reviewing the pleadings, a court must accept the non-moving
party's well-pleaded allegations as true. See Hishon, 467 U.S.
at 73, 104 S.Ct. 2229.
A court may consider documents attached to the complaint as
exhibits, or incorporated by reference, as well as any documents
that are integral to, or explicitly referenced in, the pleading.
See I. Meyer Pincus & Associates v. Oppenheimer & Co., Inc.,
936 F.2d 759, 762 (2d Cir. 1991). In addition, a Court may
consider "matters of which judicial notice may be taken." Brass
v. American Film Technologies, 987 F.2d 142, 150 (2d Cir.
1993); see also Tsai v. Rockefeller University, 137 F. Supp.2d 276,
n. 2 (S.D.N.Y. 2001) (a court "may take judicial notice of
reports of administrative bodies without converting a motion to
dismiss into one for summary judgment."); Fed.R.Evid. 201(b).
Where a party appears pro se, the Courts are required to
broadly construe that party's pleadings and interpret them "to
raise the strongest argument they suggest." Graham v.
Henderson, 89 F.3d 75, 79 (2d Cir. 1996). Furthermore, in this
situation, "the factual allegations raised in the [pro se]
plaintiffs Opposition to Defendant's Motion to Dismiss . . .
will be treated as part of [his] complaint." Tsai,
137 F. Supp.2d at 280 (citations omitted.)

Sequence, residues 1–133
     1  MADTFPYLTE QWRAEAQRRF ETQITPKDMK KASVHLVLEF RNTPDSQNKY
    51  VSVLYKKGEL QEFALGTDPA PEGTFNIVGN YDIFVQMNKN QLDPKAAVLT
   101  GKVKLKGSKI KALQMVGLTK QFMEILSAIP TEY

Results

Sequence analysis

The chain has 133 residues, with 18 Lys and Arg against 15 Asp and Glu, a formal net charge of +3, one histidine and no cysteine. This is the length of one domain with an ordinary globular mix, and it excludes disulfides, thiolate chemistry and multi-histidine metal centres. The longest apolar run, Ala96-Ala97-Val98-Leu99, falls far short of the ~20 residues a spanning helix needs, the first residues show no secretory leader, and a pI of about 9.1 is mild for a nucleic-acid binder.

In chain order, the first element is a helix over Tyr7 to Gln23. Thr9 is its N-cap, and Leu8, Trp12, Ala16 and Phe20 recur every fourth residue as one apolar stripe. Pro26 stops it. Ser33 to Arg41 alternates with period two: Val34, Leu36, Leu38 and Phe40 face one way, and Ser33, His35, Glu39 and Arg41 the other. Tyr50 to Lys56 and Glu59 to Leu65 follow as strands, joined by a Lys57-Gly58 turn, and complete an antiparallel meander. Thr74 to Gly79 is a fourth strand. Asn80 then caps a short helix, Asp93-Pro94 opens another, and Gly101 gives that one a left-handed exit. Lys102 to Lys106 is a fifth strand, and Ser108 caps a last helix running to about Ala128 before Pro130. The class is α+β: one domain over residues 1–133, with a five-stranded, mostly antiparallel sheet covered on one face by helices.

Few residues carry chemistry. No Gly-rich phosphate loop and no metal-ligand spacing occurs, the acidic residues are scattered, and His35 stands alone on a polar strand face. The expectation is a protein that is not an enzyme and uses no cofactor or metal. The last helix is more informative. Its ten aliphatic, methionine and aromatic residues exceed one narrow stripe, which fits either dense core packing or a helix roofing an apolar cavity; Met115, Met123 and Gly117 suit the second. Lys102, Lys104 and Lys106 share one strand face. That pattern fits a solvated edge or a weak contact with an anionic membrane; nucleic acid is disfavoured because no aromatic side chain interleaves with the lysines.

Here, Preston's complaint references documents submitted at
the Hearing. In addition, Preston attached a copy of his
criminal history records, and annotated copies of the
Certificate and Dismissal Decision. The transcript of the
Hearing, also, is integral to the allegations of
Preston's complaint and was quoted by Preston in his opposition
briefs. In addition, the Court may take judicial notice of the
official records of that administrative proceeding. Accordingly,
the Court's consideration of the Dismissal Decision, the Parole
Decision, the Violation of Release Report, dated November 8,
1999 and the Transcript and the Parole Appeal Decision Notice,
dated July 7, 2000, which are attached as Exhibits A, D, E, F,
and G to the Nowve Affidavit, does not convert the motions to
dismiss into those for summary judgment.
3. 28 U.S.C. § 1915(e)(2) and 28 U.S.C. § 1915A
A district court must dismiss a complaint filed in forma
pauperis "at any time if the court determines that . . . (B)
the action or appeal (i) is frivolous or malicious; (ii) fails
to state a claim on which relief may be granted; or (iii) seeks
monetary relief against a defendant who is immune from such
relief." 28 U.S.C. § 1915(e)(2). Moreover, a district court is
to review, as soon as practicable, "a complaint in a civil
action in which a prisoner seeks redress from a governmental
entity or officer or employee of a governmental entity."
28 U.S.C. § 1915A(a). If that review reveals that the complaint is
"(1) frivolous, malicious or fails to state a claim upon which
relief may be granted; or (2) seeks monetary relief from a
defendant who is immune from such relief" it must dismiss the
complaint, or those portions of the complaint.
28 U.S.C. § 1915A(b). The Court's § 1915A review may be conducted sua
sponte without notice to the prisoner. See Neal v. Goord,
267 F.3d 116, 119 (2d Cir. 2001).
On August 17, 2000, Preston obtained leave to proceed in
forma pauperis. Accordingly, § 1915 applies to his case.